Ft. Ticonderoga  Fort Ticonderoga on Lake Champlain
Guarding the strategic waterway from Canada to the heart of the American Colonies, Fort Ticonderoga (earlier the French Fort Carillon), is perhaps the earliest American historic preservation project and one of our most interesting French and Indian War sites.  Through its gates during the F&I War and the American Revolution passed some of our most revered and colorful personalities.
  Ft. FrederickFort Frederick, Maryland

Although its massive stone walls never saw an enemy attack during the French and Indian War, today this fort hosts some of the best reenactment events of the era.  Its location off I-70 in western Maryland makes it easily accessible as a day trip for visitors from Washington, DC and Baltimore, MD.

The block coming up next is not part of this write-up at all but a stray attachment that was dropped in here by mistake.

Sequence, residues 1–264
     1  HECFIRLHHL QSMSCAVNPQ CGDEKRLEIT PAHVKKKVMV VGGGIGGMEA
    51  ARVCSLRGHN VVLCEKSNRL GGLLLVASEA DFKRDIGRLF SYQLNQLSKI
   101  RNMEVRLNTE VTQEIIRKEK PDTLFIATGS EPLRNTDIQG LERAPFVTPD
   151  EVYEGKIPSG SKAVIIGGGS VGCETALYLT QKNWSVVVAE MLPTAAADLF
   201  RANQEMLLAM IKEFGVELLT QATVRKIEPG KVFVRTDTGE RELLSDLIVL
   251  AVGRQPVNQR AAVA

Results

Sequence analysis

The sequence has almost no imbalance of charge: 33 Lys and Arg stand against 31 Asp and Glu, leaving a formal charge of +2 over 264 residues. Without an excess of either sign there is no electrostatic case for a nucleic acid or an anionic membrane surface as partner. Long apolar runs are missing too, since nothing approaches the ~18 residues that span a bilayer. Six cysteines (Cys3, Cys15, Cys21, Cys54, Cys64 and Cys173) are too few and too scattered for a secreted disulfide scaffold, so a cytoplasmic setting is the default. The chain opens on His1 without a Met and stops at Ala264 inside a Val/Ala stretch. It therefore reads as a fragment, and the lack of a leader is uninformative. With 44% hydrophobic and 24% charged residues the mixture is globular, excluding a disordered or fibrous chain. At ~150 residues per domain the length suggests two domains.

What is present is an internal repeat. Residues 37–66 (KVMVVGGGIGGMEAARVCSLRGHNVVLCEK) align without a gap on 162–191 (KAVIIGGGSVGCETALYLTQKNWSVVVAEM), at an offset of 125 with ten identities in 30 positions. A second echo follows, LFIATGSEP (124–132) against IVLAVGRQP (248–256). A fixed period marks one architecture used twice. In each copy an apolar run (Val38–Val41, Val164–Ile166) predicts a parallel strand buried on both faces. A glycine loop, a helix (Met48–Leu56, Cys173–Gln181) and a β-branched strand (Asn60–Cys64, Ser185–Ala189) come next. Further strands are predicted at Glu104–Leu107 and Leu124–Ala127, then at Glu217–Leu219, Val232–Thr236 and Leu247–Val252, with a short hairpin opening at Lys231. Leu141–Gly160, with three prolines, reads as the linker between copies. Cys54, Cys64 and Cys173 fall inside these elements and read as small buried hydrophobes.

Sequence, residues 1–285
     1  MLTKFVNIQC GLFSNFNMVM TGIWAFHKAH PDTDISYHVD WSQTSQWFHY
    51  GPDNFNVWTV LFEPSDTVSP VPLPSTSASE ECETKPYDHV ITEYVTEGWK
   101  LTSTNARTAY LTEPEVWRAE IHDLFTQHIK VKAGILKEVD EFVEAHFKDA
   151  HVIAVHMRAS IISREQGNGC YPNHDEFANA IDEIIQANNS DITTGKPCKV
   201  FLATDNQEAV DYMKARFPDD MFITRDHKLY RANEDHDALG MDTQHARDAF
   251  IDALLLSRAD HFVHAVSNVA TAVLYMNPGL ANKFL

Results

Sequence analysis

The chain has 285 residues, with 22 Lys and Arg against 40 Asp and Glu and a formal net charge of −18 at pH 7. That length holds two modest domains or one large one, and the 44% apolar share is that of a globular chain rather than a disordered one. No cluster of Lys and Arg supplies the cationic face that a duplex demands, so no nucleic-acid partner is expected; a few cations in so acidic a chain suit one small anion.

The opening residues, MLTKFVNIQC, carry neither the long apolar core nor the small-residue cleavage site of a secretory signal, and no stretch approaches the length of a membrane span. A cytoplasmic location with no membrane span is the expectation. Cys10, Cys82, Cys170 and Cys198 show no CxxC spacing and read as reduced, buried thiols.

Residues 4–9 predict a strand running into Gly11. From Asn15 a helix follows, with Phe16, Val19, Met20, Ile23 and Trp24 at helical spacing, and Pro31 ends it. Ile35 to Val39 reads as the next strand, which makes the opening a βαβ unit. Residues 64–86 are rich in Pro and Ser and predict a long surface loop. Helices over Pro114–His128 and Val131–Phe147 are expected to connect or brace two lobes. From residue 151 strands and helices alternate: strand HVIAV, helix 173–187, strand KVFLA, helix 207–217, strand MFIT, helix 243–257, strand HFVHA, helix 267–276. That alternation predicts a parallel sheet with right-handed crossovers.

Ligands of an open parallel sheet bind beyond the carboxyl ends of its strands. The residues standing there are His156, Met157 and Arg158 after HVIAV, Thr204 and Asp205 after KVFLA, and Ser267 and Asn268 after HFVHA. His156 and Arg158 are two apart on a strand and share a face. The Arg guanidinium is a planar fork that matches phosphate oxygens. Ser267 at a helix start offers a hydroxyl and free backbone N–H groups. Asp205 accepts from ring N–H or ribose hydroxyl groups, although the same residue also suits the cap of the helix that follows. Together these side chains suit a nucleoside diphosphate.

Fort Frederick State Park

       Friends of Fort Frederick


Ft. LigonierFort Ligonier, on Forbes Road in Pennsylvania
Whereas the forts of the Virginia frontier were built by colonial soldiers or civilians, most of the major forts of Pennsylvania and New York were built by British engineers from plans still available in archives.  This fort was unsuccessfully attacked by a large French force as Gen. Forbes made his way to capture Ft. Duquesne.

Fort Niagara 

Olde Fort Niagara, New York
  Having been used by the military up to the 1960s, Old Fort Niagara has one of the longest and most important and interesting histories of war service.  From 1679 when the French first established a trading post (fort) here, until it fell to Britain in 1759, it served as an important post on the Great Lakes.  Today it has a very good interpretative program and several large reenactment gatherings.
Old Fort Niagara

ft-pittw.jpg - Ft Pitt

Ft. Pitt (Ft. Duquesne)

Built on the location of Ft. Duquesne at the Forks of the Ohio, Ft. Pitt was the British fort guarding this strategic river location beginning in 1758 on through the Revolution.

Fort Pitt Museum